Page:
Tuesday, 19 July 2011


First let me apologise for neglecting the blog, now let's talk current affairs.

Sean Hoare is dead.  The man who spoke publicly to the New York Times about the News of The World hacking phones and caused the scandal that has swallowed the British media like a particularly tasty looking prophet on a disastrous trip to the Sea Life centre, was found dead yesterday.  According to the guardian website "The death is currently being treated as unexplained but not thought to be suspicious.  Police investigations into this incident are ongoing."

I’m definitely not saying I think he was murdered by News International.  I have no intention of libeling Rupert Murdoch, especially if he has assassins on his payroll, which I’m sure he doesn’t, probably.  I am not an insane paranoid conspiracy theorist, like Mel Gibson in that movie, but I don't I deny historical events, like Mel Gibson in real life.  So I’m going to wait and see what the police investigation has to say.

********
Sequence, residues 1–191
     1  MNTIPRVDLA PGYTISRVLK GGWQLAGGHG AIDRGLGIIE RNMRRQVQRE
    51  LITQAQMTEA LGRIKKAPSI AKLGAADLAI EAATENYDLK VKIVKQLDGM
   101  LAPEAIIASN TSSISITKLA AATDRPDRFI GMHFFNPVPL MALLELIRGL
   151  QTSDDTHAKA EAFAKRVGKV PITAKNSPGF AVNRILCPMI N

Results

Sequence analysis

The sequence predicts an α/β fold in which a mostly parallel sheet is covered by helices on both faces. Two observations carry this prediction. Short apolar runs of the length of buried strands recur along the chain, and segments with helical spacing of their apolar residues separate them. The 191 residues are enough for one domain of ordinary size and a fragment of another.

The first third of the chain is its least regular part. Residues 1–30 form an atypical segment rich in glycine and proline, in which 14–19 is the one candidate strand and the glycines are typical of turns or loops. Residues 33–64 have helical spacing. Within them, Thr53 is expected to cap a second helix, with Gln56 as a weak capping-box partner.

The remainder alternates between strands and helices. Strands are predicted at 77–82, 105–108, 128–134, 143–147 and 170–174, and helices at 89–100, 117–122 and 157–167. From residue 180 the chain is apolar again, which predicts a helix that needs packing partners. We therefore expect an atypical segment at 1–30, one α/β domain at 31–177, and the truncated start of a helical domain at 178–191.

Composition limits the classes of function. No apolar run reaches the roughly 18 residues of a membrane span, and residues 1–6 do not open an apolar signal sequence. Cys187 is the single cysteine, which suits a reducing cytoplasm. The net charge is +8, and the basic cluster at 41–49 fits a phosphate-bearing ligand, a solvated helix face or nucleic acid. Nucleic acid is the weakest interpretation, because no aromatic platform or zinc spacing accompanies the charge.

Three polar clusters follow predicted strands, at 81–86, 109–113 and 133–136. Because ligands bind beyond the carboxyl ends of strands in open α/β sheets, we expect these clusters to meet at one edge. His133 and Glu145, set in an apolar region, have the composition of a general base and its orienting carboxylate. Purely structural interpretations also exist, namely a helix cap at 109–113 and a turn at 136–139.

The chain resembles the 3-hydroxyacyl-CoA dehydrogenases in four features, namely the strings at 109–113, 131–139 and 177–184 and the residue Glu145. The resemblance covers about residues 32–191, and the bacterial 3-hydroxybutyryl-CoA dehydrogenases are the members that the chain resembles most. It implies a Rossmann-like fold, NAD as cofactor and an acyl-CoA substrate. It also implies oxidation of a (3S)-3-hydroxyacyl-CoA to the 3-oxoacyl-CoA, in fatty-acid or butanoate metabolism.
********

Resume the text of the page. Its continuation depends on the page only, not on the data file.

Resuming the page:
How can the police say the death is “not thought to be suspicious”?  A man dies suddenly after embarrassing one of the most powerful men in the world, causing him to shut down Britain's best selling Sunday "newspaper" and abandon his bid to take over BSkyB.  Surely anyone who hears this story wonders is whether the Murdochs had him killed.  How can the police not think it’s suspicious?  Have they never watched movies or read thrillers or played Deus Ex on their dad’s PC after school? 

Again I’m not saying that the met should rush around to Murdoch towers and arrest the weather-beaten Antipodean supervillain, but how can anyone with an imagination not find Sean Hoare’s death suspicious?  There could be a perfectly natural explanation for Hoare’s death, and I hope there is, but it seems suspicious in my ill-informed opinion and I hope Hoare’s death receives a full and rigorous investigation.

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